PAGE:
How Nick Scarpino Went From Cashier to VP of Marketing and PR for Portillo's
Nick Scarpino is the vice president of marketing and public relations at Portillo's, based in Chicago. A month after we taped this interview, Nick was named to Adweek's "20 Rising Brand Stars Who Are Helping Make Chicago a Hub for Marketing, Tech and Culture."
You built the Portillos marketing team from scratch, can you speak to how you were able to build a successful team? What have you learned during the process?
NS: As the first marketing employee at Portillos, a legendary Chicago brand, I think the success that we've had as a team has been because of two things. Number one was when I came into the business as the only person who was officially tasked with doing marketing, I had to really take an approach where I rolled up my sleeves and actually did what it took to get projects accomplished. No task was too big or too small for me to take on myself. The next half of it was actually having a vision for what should we do in the next five years, the next ten years, and how do we empower a team to embrace that vision and get things done.
What does entrepreneurial spirit mean?
NS: To me, having the spirit of an entrepreneur is really doing what it takes to get the job done. Sometimes there's no one to delegate to, you have to do the work yourself and so having the attitude and willingness to do what it takes, that's truly what it means to be an entrepreneur.
You came from Google, what did you learn working at Google that has helped you in your position at Portillo’s?
NS: Google is a great place, filled with plenty of resources and support. What I really learned at Google was the importance of teamwork and communication. It's really all about setting forth a vision and then rallying people around and making that vision come true. I've taken that attitude and that experience from Google and really tried to put that into what we do at Portillo’s.
What does it look like to go from something that has lots of resources and support, such as Google, to a place where you do have to "roll up your sleeves?"
NS: Leaving Google was a tough decision but really came down to two things. Portillo’s is a legendary brand in Chicago, and to be part of taking the brand to the next level and growing outside of the Chicagoland area was really attractive to me. Number two, I'm just a marketing guy. I love marketing and I love being the first ever leader of marketing at Portillo’s. It’s a brand that I love and where I actually as a cashier when I was 17 years old.
Since you mentioned you love marketing, what are marketing tips/insight can you share?
NS: Number one, never underestimate the power of having a physical location, the power of signage and the things that you can do within your location to attract business. Many people dismiss the benefit of a really good sign that says “We're Open.”
Then there’s social media. It's a wonderful place to project a message and to actually tell people about things, but first and foremost, it is a great place to listen. Look at social media as a platform to get feedback before stepping into projecting out messages.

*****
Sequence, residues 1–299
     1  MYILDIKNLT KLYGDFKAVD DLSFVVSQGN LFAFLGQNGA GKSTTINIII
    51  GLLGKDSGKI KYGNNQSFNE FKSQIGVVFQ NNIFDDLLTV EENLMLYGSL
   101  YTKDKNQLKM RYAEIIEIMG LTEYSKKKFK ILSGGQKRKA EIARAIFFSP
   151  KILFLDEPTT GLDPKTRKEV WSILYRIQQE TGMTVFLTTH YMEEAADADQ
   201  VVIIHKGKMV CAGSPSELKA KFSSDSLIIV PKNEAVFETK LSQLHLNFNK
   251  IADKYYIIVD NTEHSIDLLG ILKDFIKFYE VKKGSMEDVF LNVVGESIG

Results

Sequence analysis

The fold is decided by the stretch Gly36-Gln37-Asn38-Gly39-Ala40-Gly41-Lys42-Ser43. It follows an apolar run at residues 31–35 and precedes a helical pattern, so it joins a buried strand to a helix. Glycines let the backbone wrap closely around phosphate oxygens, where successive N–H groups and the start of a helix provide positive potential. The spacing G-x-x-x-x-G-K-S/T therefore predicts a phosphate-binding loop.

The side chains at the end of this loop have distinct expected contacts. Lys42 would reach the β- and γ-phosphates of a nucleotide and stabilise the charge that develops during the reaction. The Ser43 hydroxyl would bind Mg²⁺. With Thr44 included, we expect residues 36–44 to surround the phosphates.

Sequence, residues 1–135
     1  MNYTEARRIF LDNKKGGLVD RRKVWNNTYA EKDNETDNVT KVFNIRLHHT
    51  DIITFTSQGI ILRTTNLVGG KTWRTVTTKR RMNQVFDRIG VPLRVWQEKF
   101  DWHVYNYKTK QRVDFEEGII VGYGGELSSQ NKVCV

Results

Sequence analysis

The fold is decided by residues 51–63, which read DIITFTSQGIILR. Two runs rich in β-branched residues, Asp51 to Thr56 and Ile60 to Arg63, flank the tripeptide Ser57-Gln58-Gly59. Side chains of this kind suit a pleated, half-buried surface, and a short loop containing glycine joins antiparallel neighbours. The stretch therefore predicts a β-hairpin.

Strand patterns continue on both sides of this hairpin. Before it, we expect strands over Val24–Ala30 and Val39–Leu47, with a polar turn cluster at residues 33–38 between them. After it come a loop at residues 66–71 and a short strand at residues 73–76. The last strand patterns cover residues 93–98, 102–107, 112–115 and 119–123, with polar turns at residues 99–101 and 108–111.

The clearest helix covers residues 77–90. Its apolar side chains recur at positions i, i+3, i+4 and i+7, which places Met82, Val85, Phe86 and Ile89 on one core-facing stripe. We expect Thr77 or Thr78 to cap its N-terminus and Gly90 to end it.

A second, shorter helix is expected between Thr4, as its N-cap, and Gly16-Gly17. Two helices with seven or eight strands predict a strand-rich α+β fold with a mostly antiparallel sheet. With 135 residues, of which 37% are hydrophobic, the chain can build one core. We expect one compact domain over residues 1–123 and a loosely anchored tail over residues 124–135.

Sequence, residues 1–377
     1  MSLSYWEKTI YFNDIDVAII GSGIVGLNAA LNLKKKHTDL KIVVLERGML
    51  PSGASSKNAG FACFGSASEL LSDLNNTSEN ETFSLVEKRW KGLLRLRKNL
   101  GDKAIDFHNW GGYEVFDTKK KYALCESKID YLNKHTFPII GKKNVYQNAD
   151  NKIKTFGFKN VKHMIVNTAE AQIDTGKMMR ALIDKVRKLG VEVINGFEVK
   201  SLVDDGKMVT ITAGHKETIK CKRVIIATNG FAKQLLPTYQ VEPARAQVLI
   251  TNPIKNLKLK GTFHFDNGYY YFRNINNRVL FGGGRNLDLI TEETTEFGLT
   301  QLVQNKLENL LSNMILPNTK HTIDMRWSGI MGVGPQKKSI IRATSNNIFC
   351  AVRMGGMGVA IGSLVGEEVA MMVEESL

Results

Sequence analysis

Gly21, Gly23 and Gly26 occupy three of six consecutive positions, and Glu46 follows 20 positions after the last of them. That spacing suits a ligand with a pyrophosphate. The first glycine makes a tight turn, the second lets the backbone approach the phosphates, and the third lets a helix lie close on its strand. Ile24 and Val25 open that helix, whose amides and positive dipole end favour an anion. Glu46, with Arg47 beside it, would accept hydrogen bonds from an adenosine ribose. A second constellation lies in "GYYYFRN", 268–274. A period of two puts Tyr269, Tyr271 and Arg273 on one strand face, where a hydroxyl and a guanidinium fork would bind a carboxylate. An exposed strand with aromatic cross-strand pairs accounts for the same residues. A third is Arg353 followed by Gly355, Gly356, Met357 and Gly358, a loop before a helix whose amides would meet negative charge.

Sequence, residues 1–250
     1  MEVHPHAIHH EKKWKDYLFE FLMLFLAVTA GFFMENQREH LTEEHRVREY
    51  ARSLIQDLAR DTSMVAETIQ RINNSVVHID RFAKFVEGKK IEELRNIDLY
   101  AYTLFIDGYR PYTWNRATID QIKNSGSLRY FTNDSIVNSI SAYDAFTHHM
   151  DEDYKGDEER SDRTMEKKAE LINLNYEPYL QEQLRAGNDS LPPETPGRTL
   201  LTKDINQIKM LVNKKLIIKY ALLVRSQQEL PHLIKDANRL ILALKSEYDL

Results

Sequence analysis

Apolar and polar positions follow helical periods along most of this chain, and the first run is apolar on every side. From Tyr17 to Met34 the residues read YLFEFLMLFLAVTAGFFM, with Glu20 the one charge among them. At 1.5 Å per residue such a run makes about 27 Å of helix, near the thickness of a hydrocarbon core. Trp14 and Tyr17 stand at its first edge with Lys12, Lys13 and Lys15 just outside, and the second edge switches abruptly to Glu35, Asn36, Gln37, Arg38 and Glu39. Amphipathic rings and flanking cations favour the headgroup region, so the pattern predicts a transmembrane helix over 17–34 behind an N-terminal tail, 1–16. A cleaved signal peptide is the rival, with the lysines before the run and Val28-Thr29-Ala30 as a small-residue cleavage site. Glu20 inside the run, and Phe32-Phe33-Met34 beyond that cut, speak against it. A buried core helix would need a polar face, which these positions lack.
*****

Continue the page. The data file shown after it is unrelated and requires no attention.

Why is low tech equally important, if not more so, than high tech/digital?
NS: It's really popular for marketers and people (who have positions like me) to get obsessed with the newest technology and platform. And if we are going to do that, we'd still be talking about Myspace and other platforms that aren't here anymore. Instead of chasing the next platform and always trying to do what's really innovative at the time, it's much more important to take a step back and pick at least just one place where your customers are and do it really well. Communicate in two ways. Listen and talk to them before you go out and get on the newest craze or platform. Start with one and see if that can work first.
What role does social media play in your line of work?
NS: Social media isn't everything. It’s one piece of a bigger puzzle. I recommend brands just getting started or ones trying to figure out their marketing strategy, consider social media as one factor of a broader marketing equation.
What predictions do you have for where marketing is going?
NS: Something I'm really excited about is the emergence of assistance (Google homes and things like that). I'm really curious to see how those platforms evolve into a customer's everyday lives. Will we still be going to our favorite search engine and looking things up, or will Google and Amazon be able to predict what I might be thinking about before I'm even thinking about it? As marketers it can be really important to help shape things happening there.
What advice would you give to your younger self?
NS: I would say, continue to follow brands that you are really passionate about. For me it was Portillo’s. I was a cashier when I was 17 years old, and I followed Portillo’s throughout the years. I was kind of in the right time at the right place back in 2015 when Portillo’s was looking to expand. I was working at Google in Chicago and I reached out to the ownership group of Portillo’s and said ‘hey here's who I am and here's what I do, maybe we could form a partnership or do something together.’ Low and behold, now I'm the head of marketing at Portillo’s. Continue to be follow brands [you want to work with] and reaching out. Brands are run by people. Keep in contact with people and good things will come.
The video portion of this interview appeared on Entrepreneur.com on August 2, 2017: At 17, This Entrepreneur Worked the Cash Registers. Now, He's a Vice President of the Same Company.